I investigated the freshwater mussel assemblage of the Galena River basin in Wisconsin and Illinois in 2005-2006 to determine distribution and structure of the fauna. I collected 27 live individuals representing 5 species during 47 person-hours of sampling at 28 sites; I also found valves of an additional 20 species, including 5 species listed at the state level in Wisconsin and/or Illinois. Freshwater mussels were evident at 18, or 64%, of the sites. Regression analysis indicated an increase in extant species richness (r(2) = 0.21 1 F-0.05(2),F- 26 = 6.97, P = 0.02) and historic species richness (r(2) = 0,58, F-0.05(2),F- (26) = 40.18, P 0.0001) from upstream to downstream. Expanding drainage areas usually offer decreased gradients, more habitat complexities, and higher host fish diversity. A t-test concluded extant and historic species richness differed significantly (t(0.05(1),17) = 3.56, P = 0.003) suggesting that the assemblage has been reduced.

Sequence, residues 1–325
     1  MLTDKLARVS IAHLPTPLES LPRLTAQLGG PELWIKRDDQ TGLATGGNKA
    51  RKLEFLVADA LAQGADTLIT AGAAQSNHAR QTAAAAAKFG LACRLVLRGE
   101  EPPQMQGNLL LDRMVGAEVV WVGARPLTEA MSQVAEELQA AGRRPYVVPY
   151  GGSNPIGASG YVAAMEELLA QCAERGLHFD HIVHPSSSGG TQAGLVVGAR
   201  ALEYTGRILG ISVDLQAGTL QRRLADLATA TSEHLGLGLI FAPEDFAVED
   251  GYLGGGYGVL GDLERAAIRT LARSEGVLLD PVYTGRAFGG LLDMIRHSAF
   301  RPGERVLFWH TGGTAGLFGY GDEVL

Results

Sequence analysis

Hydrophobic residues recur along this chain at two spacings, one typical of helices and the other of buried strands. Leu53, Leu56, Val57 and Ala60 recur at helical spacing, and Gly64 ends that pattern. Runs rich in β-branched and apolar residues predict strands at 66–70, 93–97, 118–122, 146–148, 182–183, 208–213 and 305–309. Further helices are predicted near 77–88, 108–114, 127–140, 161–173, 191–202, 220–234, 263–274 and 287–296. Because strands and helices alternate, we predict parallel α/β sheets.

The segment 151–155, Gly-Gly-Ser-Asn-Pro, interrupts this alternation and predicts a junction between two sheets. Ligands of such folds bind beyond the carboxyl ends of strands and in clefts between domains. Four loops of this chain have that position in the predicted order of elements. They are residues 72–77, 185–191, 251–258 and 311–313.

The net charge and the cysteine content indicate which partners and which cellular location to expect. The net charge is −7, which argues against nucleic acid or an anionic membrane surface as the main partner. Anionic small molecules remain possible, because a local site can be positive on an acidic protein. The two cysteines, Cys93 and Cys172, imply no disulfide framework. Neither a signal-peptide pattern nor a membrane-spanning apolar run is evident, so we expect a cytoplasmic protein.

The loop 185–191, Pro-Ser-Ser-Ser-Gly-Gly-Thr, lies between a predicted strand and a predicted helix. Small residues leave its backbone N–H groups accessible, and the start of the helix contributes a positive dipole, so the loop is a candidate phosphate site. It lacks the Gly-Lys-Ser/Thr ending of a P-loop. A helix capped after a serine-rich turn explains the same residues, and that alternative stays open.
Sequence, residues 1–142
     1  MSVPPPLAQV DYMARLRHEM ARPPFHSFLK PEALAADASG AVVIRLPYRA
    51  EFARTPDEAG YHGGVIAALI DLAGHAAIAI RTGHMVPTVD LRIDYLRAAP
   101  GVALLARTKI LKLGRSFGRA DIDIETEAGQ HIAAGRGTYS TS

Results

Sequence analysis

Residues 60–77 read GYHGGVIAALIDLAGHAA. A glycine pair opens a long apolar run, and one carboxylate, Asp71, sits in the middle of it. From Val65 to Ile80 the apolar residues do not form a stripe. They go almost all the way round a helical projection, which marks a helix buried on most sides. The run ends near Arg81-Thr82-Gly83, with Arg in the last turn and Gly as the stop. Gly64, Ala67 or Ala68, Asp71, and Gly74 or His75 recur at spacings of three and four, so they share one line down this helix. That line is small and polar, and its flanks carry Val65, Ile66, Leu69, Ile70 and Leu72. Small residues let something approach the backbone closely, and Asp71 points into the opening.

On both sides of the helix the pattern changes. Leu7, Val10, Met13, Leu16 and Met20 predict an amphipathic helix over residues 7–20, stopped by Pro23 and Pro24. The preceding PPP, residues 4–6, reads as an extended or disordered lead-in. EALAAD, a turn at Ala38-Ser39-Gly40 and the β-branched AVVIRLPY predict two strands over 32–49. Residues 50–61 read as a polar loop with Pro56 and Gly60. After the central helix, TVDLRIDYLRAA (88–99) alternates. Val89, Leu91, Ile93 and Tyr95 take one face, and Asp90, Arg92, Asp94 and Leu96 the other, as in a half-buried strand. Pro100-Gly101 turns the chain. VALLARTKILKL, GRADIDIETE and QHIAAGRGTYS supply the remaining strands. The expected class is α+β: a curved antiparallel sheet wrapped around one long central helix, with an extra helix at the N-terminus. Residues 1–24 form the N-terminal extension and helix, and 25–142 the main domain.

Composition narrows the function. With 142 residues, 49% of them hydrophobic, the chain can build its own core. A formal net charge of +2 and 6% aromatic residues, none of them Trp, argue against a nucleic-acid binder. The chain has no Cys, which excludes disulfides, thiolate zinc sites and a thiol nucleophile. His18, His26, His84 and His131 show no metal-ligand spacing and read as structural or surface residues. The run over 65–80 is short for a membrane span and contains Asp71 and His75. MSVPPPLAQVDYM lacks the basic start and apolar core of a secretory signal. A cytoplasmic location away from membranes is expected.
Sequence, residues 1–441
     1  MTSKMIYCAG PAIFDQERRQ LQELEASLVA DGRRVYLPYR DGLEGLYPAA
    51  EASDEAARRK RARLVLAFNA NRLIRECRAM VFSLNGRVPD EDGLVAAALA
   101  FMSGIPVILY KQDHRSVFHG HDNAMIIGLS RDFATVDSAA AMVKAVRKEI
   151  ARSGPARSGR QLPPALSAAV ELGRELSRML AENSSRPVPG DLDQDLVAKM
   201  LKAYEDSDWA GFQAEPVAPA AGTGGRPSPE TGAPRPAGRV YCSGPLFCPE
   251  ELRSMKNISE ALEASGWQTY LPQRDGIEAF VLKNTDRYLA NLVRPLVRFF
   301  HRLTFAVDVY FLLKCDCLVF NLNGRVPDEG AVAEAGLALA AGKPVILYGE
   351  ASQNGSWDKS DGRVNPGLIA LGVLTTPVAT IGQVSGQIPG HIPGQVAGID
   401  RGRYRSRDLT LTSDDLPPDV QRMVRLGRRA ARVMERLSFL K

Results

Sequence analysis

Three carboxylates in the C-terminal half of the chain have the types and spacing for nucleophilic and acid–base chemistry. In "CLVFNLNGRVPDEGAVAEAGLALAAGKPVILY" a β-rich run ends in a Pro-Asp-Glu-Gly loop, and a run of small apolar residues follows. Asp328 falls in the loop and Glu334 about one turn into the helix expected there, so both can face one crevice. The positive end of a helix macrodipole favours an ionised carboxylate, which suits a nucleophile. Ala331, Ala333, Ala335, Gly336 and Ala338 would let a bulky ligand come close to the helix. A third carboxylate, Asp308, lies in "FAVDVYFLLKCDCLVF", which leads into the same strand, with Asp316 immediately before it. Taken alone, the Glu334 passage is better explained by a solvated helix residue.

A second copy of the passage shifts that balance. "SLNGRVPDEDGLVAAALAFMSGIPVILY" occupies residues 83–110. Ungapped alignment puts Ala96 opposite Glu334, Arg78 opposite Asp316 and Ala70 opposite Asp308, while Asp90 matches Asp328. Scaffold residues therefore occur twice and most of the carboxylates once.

|Original language||English (US)|
|Journal||Transactions of the Illinois State Academy of Science|
|State||Published - 2008|